Brands See Through the Cloud and Turn Planning into Action
Businesses adjust and reinvent
Business-to-business technology brands adjusted to new computing realities, especially the Cloud. And they advanced initiatives for corporate clients that invested again in IT and sought ways to organize and analyze big data.
If one development summarizes this movement it’s the announcement by Microsoft that the company is changing leadership, with founder and technology visionary Bill Gates returning in an active advisory role.
The brand continues to thrive based on the Gates legacy of products, including Microsoft Office, the suite of computer software installed on the majority of devices for personal and enterprise use. The company enjoyed some success with the launch of Windows 8. And the Xbox business remains strong.
These legacy achievements drove revenue and profit, which pushed up brand value 29 percent, lifting Microsoft several places to number four, after IBM, in the BrandZ™ Top 100 Most Valuable Global Brands 2014.
But Microsoft hasn’t developed other breakthrough products and the advent of the Cloud threatens the ubiquity of its Office suite. Microsoft is not alone in struggling to remain relevant in a world based on Cloud and mobile computing, where people switch constantly and seamlessly between their work and private lives.
The Cloud pay-as-you-go model disrupted the business of some of the most respected technology brands, which built businesses around long-term contracts and client relationships. With pay-as-you-go, costs are reduced from major capital expenditures to running costs. And unlike with an investment in mainframes, need always matches capacity. Other related trends and developments include:
- Brand strength
Brand is critical during a period of transformation. The strength of the IBM brand, its association with solving big global problems, provides flexibility even during periods of business transition and flat financial results.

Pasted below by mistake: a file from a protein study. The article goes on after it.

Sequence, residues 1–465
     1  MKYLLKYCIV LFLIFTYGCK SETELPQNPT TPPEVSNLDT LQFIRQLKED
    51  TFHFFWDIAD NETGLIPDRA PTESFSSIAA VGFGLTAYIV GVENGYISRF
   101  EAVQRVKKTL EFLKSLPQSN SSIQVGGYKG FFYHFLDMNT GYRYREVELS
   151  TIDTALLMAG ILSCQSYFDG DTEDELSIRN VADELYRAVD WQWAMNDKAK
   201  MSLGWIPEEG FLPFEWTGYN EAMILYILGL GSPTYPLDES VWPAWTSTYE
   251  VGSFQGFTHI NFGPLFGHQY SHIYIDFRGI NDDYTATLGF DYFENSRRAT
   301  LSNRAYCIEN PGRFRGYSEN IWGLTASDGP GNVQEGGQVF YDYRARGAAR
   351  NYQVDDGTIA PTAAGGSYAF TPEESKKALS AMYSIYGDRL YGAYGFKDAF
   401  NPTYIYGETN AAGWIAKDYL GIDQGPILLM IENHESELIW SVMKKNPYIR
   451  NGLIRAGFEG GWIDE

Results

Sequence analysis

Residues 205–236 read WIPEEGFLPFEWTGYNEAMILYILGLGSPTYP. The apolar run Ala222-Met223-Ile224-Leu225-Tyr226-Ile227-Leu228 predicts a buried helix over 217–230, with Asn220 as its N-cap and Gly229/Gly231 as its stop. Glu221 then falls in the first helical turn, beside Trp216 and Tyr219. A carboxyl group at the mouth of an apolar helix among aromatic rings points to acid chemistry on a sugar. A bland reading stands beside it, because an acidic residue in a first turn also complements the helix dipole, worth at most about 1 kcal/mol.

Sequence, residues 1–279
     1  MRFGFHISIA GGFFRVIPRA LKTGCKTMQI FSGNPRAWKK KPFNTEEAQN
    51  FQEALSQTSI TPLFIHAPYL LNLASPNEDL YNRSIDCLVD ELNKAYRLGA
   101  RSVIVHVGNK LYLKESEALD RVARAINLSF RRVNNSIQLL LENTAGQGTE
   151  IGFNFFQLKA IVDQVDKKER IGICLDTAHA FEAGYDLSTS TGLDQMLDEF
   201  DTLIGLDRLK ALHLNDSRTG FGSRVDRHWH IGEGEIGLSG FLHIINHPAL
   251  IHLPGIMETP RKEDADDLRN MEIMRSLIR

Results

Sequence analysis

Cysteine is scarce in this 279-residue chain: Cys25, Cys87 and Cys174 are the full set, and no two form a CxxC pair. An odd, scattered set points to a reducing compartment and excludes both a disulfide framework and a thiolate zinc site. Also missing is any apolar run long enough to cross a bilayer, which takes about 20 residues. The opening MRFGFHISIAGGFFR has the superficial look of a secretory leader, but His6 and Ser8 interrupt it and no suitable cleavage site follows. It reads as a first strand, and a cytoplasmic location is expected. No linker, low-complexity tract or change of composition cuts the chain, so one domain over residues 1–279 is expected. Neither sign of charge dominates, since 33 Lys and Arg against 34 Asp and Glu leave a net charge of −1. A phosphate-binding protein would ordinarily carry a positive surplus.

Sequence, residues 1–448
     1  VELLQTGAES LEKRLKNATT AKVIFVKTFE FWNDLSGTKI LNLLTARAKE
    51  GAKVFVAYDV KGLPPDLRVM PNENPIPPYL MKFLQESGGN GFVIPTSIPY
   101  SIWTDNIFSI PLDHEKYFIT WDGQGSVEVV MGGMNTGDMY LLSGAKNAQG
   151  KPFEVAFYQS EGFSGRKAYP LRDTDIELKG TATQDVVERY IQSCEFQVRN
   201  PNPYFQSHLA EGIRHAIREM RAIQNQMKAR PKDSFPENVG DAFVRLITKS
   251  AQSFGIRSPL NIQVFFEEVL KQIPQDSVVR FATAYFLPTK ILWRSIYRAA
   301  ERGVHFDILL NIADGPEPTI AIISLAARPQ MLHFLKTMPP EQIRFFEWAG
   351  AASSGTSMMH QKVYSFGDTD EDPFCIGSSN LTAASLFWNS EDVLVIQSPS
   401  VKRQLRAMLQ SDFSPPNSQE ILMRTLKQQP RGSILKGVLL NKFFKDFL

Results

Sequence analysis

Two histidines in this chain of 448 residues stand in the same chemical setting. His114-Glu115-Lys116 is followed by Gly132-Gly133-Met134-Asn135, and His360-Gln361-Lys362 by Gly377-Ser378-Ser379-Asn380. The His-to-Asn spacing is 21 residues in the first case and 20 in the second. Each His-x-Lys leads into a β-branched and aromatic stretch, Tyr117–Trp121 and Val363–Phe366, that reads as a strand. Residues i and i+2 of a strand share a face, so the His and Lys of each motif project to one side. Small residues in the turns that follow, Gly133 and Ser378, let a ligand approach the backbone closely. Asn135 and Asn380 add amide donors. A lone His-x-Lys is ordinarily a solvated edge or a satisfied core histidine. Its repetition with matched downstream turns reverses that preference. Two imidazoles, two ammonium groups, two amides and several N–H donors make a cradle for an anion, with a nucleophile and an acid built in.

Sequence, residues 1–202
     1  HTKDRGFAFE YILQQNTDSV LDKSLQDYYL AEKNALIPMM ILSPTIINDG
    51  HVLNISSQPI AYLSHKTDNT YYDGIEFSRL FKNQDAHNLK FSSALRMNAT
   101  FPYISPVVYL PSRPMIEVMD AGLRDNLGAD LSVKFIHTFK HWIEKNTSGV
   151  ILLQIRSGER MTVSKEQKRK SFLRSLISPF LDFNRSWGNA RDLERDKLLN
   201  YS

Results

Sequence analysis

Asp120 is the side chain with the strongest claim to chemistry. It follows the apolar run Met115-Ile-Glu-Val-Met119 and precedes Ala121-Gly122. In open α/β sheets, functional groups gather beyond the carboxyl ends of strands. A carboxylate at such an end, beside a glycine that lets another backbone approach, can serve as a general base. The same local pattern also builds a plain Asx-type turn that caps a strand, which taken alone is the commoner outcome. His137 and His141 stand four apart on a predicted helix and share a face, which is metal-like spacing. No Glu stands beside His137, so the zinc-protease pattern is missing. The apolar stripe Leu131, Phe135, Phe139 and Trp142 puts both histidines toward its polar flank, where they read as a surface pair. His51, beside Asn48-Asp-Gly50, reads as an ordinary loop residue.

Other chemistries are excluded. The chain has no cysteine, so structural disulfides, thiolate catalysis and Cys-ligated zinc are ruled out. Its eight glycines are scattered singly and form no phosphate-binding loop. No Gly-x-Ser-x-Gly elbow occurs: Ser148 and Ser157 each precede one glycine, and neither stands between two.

- Going private
Facing the challenge of being a leading PC maker at a time of declining PC sales, Dell founder Michael Dell took the company private to make the necessary fixes without the scrutiny of Wall Street and the pressure of quarterly results, and to take control of the brand story.
One of the largest competitors for enterprise Cloud business is a retailer named Amazon.
Investing in Cloud
Every technology leader invested in Cloud in ways that are most relevant to its core brand proposition. Cisco, known for building and maintaining switches and routers that run the Internet, announced in early 2014 that it plans to invest $1 billion over two years to enter the Cloud computing service business, linking the mainframes that together form the Cloud. Cisco calls this work the Intercloud.
IBM continues to develop its Cloud capabilities. It’s also building its big data and analytics teams, looking to expand into various industries, including marketing consultation. Siemens, an industrial technology company, continues to undergo restructuring and organizes its business into four sectors: energy, healthcare, industry and infrastructure and cities.
Strengthening the core
SAP and Oracle accelerated their shift to the Cloud, even as they strengthened existing business. SAP continued to record sales growth and experience success with Hana, its in-memory system for analyzing big data quickly in ways that make it accessible and relevant throughout an organization.
At the same time, the company shifted rapidly toward Cloud computing, which changes the business model from the software license business where payment is received up front.
Oracle’s Cloud business improved significantly, but the brand still faces competition, much of it from pure online businesses. As Oracle adjusts its business for the changing technology, it’s helping its enterprise customers do the same thing, by providing Cloud applications, like Oracle’s Exalytic in-memory and software. Oracle says one of its key benefits is simplification.
Recovering from the PC focus
HP turned a modest profit and its stock price rebounded as a turnaround seemed to gain traction with a revised strategy that includes providing complex technology systems to corporate clients and selling PCs and printers to consumers. The company has streamlined and added efficiencies with Internet-based programs, such as Salesforce.
By combining its computing hardware expertise with the Cloud capabilities of Clouderia, Intel worked to evolve from a business associated with memory chips for PCs into a brand with a Cloud platform for enterprise solutions. With the growth of wearable technology, Intel investigated acquisitions for entering that business.